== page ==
“He’s really stingy with his heart.”

Frowning, Darah looked back at her. “What do you mean?”

Hana’s smile held secrets Darah needed to know. Leaning back, Hana crossed her arms. “J.R. is his everything, has been ever since he was born. I’m not sure he wants to share him.”

Well he’ll have to, was at the tip of Darah’s tongue but she curbed the remark, deciding to listen first.

“It’s a wonder that he agreed to let Bhaiyaa get married.”

Darah’s heart skipped a beat. “T-to you?”

Hana arched a brow when Darah’s voice squeaked. “Well, not anymore.” Her pointed gaze pierced Darah.

This time Darah didn’t look away. “I ruined his plans. No wonder he doesn’t like me…”

Hana chuckled dryly. “It’s not that he doesn’t like you. He just doesn’t know you.”

Darah shrugged. “Then he should get to know me. I’m a nice person.” It sounded quite silly in her ears but she meant every word. “And I… I love J.R.”

The smile on Hana’s lips faded, and her pointed gaze swept over Darah’s face. “How old are you?”

“Twenty-five,” Darah frowned. “I thought you knew.”

“Oh right… we’re almost age-mates.” Her smile was strained, as though that wasn’t a good thing.

Darah didn’t smile back. “So why does his father like you?”

Hana’s smile eased away, her expression turning cold. She was silent for a moment before answering monotonously. “He owes my father.”

The words were colder than her expression and Darah wrapped her arms around herself. “How?”

Hana’s gaze lifted to the closed door. “He stole my father’s first love and ruined her.”

Breath caught in her throat, Darah’s eyes widened.

When J.R.’s sobs eased away and only the hiss of the humidifier filled the silence, he let out a sigh. The hand that stroked his hair stilled and raised from his head.

“You okay now?”

J.R. smiled grimly. His father was always the worst at comforting, from his earlier years. Nodding, he wiped the stray tears from his cheeks before lifting his eyes to L.J.’s.

L.J. sighed with relief though concern etched lines in his brow. Leaning back against the propped pillow, he closed his eyes and sighed again. “I hate this.”

His strong and capable father looked frail in the flimsy hospital gown, his tanned skin a sharp contrast to all that white. The image of his pale mother encased in the cushioned coffin-bed crossed his mind and he shook it away, along with the cold shiver trickling down his spine. “Me too,” he croaked out, the tears pooling.

“I wish to go home,” L.J. confessed after a few moments of silence. “I hate hospitals.”

J.R.’s lips twitched a wry smirk. “Me too.”

L.J. opened his eyes to meet his son’s wary stare. “So sign the papers and let’s spend the rest of my life at home, Beta. I beg you.”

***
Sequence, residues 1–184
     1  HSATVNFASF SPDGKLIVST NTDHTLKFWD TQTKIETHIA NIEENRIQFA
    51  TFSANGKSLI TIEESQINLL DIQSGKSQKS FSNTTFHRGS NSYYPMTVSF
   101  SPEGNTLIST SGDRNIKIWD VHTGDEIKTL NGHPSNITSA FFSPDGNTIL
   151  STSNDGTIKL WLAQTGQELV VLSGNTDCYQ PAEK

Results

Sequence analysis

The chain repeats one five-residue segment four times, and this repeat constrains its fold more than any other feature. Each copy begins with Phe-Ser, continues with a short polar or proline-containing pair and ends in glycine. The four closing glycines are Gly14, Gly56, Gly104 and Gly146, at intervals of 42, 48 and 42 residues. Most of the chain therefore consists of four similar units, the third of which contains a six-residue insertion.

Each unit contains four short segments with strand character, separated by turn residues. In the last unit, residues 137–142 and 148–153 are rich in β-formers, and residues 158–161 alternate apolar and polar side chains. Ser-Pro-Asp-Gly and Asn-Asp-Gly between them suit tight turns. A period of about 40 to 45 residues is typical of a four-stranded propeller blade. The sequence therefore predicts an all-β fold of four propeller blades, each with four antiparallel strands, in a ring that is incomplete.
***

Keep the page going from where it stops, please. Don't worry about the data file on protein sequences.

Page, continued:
The desperation in his father’s eyes broke him. His father had never begged him for anything before, and the reality of his father’s frailty sobered him. J.R. swallowed the lump in his throat. “I don’t want to lose you, Babu.”

His father reached for his hand and squeezed it. “And I don’t want to leave you.”

The tremble in his father’s voice pulled J.R. from his chair. He reached for his father, gathering him in a tight hug.

“I’m sorry,” L.J.’s voice was muffled in J.R.’s shoulder, his hand rubbing J.R.’s back as the tears fell silently. “I’m so sorry.”

J.R. squeezed his eyes tight. They’d wasted too many years hiding their shared hurts and their affection toward each other. He’d been a fool for not forgiving his father, for silently fighting his father’s will for him. He sniffed back tears and tightened his hold around L.J. “I’m sorry too.”

Darah splashed water on her face, still jarring from Hana’s earlier revelation. J.R.’s mother had been the betrothed of Hana’s father. But then she met J.R.’s father in university and the two decided to elope without their families’ consent, causing an uproar. With Hana’s father swearing to avenge his family’s fragmented honor and for fear that he and his now-pregnant wife were in danger of being killed, L.J. relocated his new family to the United States as listed refugees.

Years after Hana’s father married another woman from their village and J.R. was born, the families at home reconciled without their children. Because of their refugee status, J.R.’s mother couldn’t return to her family and became increasingly homesick to the point of depression. Letters home weren’t enough to ease her growing anxiety and even her husband’s devoted love and attention wasn’t enough to heal her sickness. Then she sent letters to Hana’s father, seeking for ways to be connected with her family. At first, Hana’s father wished to forget his painful past and left the letters unanswered, but he read every note–each from J.R.’s mother more desperate and hopeless than the previous one.

Cold frisson skittered down Darah’s spine. The last letter revealed that J.R.’s mother hated her husband for taking her away from the home she longed for day and night. She admitted resenting her son whose impending birth had caused her husband to seek asylum in the United States. Tears pooled in her eyes, imagining a very young J.R. wishing for a mother’s love and aching from her abandonment.

Eyes on her reflection, Darah’s hand moved over her stomach as she wondered if she’d be a better mother to this unborn child than J.R.’s mother had been to him.